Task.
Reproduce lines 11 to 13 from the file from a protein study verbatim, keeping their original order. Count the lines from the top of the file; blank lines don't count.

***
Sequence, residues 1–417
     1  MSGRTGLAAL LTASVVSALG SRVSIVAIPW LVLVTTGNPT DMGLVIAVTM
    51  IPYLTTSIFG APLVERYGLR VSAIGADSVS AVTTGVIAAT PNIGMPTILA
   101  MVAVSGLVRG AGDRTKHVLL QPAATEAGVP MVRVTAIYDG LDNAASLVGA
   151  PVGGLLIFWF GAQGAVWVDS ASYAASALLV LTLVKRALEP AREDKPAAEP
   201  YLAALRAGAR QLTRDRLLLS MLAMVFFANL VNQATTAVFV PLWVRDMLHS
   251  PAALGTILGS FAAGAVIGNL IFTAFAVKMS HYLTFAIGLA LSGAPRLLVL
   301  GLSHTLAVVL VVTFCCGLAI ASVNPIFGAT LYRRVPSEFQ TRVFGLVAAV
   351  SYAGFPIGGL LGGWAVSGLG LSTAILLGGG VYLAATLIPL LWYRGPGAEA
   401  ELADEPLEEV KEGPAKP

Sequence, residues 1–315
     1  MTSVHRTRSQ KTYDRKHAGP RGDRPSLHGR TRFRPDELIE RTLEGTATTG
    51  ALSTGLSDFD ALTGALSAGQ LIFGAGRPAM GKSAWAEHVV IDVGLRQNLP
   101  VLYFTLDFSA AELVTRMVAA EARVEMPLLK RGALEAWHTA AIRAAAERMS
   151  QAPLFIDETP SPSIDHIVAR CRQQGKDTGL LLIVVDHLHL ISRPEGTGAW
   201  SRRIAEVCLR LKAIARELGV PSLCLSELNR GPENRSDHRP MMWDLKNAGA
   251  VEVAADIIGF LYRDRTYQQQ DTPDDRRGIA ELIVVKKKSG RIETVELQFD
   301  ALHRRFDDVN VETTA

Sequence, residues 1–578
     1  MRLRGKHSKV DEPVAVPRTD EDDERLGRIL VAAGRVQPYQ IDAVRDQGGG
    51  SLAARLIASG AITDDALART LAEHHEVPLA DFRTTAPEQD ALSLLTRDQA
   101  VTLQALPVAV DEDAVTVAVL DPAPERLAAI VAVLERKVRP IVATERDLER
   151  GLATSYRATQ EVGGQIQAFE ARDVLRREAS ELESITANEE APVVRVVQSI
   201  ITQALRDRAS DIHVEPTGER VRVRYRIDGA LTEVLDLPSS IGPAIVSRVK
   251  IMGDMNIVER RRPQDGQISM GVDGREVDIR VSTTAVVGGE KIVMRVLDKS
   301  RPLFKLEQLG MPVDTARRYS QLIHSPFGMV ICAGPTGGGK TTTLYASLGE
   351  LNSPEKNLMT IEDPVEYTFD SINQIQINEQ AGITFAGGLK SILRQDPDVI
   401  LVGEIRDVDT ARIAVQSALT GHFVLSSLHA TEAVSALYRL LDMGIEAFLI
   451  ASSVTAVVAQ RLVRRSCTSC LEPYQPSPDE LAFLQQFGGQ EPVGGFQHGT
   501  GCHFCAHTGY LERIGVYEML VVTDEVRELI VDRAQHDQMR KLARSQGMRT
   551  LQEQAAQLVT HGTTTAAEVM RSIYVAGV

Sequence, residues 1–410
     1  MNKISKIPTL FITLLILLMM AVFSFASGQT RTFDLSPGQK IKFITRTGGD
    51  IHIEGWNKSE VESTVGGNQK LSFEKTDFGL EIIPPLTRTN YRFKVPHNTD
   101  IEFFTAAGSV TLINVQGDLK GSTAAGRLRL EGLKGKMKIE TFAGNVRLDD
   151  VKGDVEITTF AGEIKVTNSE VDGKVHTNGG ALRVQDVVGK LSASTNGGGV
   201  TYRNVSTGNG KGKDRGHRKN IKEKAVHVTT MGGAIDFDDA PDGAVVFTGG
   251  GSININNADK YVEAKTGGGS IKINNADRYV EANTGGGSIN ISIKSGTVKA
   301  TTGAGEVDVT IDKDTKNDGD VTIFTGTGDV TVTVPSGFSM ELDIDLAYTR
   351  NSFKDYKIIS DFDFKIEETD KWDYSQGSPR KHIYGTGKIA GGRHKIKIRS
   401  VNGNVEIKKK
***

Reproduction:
Sequence, residues 1–315
     1  MTSVHRTRSQ KTYDRKHAGP RGDRPSLHGR TRFRPDELIE RTLEGTATTG
    51  ALSTGLSDFD ALTGALSAGQ LIFGAGRPAM GKSAWAEHVV IDVGLRQNLP